Just upstream of the Gsα promoter region is an imprint control region (the exon 1A or exon A/B promoter region) (Fig. 1) that is methylated on the maternal allele (Ishikawa et al., 1990; Liu et al., 2000a; Liu et al., 2000b). In pseudohypoparathyroidism type 1B, a condition with renal parathyroid hormone resistance, the exon 1A methylation on the maternal allele is absent (Bastepe et al., 2001; Jan de Beur et al., 2003; Liu et al., 2000a; Liu et al., 2005b). Based upon this observation it has been suggested that this region has a negative regulatory cis-acting element that suppresses the paternal Gsα allele in a tissue-specific manner (Liu et al., 2005a; Williamson et al., 2004). For example, there may be a silencer that binds a tissue-specific repressor protein on the paternal allele, but this repressor fails to bind to the maternal allele due to methylation, allowing Gsα to always be expressed from the maternal allele. Consistent with this, mice with paternal deletion of the exon 1A region had reversal of Gsα imprinting with biallelic expression of Gsα in all tissues (Liu et al., 2005a; Williamson et al., 2004).
Heterozygous Gsα loss-of-function mutations lead to Albright hereditary osteodystrophy, a congenital disorder characterized by the presence of short stature, brachydactyly (shortening of various long bones in the hands and feet), subcutaneous ossifications, and neurobehavioral abnormalities (Weinstein et al., 2006). When the mutation is on the maternal allele patients also develop multihormone resistance to parathyroid hormone, thyrotropin, growth hormone-releasing hormone, and gonadotropins, a condition known as pseudohypoparathyroidism type 1A. In contrast patients with mutations on the paternal allele only develop the features of Albright hereditary osteodystrophy without multihormone resistence, a condition known as pseudopseudohypoparathyroidism (Davies and Hughes, 1993; Weinstein et al., 2006). This is the direct result of tissue-specific Gsα imprinting, as mutation of the active maternal Gsα allele leads to severe Gsα deficiency and hormone resistance whereas mutation of the inactive paternal allele has little effect on Gsα expression or hormone sensitivity(Germain-Lee et al., 2002; Hayward et al., 2001; Liu et al., 2003; Mantovani et al., 2002; Yu et al., 1998).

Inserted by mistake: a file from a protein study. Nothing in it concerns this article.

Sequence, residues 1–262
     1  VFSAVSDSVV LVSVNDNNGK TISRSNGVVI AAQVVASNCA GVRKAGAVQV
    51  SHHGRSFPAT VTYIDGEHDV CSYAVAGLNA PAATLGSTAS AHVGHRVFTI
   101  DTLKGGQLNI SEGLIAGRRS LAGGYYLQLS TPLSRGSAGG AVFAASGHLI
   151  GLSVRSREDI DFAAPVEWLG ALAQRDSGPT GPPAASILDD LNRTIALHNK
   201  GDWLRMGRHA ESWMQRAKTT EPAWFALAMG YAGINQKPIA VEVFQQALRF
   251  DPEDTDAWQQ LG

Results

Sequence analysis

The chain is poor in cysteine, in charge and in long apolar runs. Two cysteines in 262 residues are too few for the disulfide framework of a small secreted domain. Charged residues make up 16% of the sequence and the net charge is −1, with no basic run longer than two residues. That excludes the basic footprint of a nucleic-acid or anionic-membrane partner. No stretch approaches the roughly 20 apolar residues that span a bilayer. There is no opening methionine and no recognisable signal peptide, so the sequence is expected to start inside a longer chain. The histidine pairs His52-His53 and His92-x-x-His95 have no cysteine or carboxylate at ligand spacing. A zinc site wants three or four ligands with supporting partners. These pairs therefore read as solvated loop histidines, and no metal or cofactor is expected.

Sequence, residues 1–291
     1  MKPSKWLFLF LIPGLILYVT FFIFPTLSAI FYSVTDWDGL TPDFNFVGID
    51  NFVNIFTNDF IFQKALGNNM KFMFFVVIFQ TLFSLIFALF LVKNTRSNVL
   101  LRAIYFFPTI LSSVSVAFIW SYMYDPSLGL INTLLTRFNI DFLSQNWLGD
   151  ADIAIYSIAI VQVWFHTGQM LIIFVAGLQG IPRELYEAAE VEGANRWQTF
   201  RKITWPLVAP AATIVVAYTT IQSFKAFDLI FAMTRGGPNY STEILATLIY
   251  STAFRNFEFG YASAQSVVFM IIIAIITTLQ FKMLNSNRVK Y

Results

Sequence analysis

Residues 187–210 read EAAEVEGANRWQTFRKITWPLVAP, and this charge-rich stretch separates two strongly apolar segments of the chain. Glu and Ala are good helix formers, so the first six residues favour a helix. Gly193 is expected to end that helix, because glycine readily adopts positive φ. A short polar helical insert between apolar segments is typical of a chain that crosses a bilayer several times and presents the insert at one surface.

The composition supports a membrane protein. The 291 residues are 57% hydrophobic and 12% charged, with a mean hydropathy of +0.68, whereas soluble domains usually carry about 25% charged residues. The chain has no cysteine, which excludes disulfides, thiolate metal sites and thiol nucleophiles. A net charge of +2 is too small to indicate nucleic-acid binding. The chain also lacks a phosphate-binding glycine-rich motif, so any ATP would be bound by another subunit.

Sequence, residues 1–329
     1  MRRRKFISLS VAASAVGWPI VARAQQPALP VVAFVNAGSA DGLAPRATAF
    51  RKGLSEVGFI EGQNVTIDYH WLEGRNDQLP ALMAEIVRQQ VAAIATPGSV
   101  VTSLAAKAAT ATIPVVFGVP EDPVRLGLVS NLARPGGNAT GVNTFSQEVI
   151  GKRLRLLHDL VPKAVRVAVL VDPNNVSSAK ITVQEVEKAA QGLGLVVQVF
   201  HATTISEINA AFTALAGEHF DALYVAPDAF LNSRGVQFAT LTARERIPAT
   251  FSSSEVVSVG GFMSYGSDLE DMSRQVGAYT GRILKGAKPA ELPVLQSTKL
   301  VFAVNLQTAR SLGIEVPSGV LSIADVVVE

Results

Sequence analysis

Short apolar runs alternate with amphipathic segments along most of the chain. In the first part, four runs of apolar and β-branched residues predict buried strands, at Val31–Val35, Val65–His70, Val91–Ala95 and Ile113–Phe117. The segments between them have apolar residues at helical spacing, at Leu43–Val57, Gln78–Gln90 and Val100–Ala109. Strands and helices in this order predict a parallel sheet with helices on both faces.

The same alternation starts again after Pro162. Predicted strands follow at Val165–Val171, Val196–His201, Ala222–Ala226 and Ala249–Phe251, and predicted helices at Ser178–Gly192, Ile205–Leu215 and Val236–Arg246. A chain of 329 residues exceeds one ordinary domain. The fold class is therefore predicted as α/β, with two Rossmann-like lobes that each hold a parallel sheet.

Albright hereditary osteodystrophy is also a monogenic obesity disorder, with early onset obesity (within the first year) but only in patients with Gsα mutations on the maternal allele (pseudohypoparathyroidism type 1A but not pseudopseudohypoparathyroidism) (Long et al., 2007). Although adipocytes from pseudohypoparathyoidism type 1A patients have reduced lipolytic responses to epinephrine due to reduced Gsα levels (Carel et al., 1999), this is unlikely to be the cause of obesity as there is no evidence for Gsα imprinting in adipose tissue (Chen et al., 2005a; Germain-Lee et al., 2005; Mantovani et al., 2004). A more likely explanation for obesity in pseudohypoparathyroidism type 1A is a defect in the central nervous system leading to low sympathetic nerve activity and metabolic rate, as children with pseudohypoparathyroidism type 1A were shown to have extremely low serum norepinephrine levels when compared to controls or even similarly obese children without pseudohypoparathyroidism type 1A (Carel et al., 1999). In one recent case report, severe obesity developed in a pseudohypoparathyroidism type 1A patient during in the first year of life even in the absence of hyperphagia, also consistent with obesity in this disorder being primarily the result of low energy expenditure (Dekelbab et al., 2009). The incidence of insulin resistance and diabetes in pseudohypoparathyroidism type 1A has not been systematically examined, although severe insulin resistance in a young pseudohypoparathyroidism type 1A patient has been recently reported (Nwosu and Lee, 2009).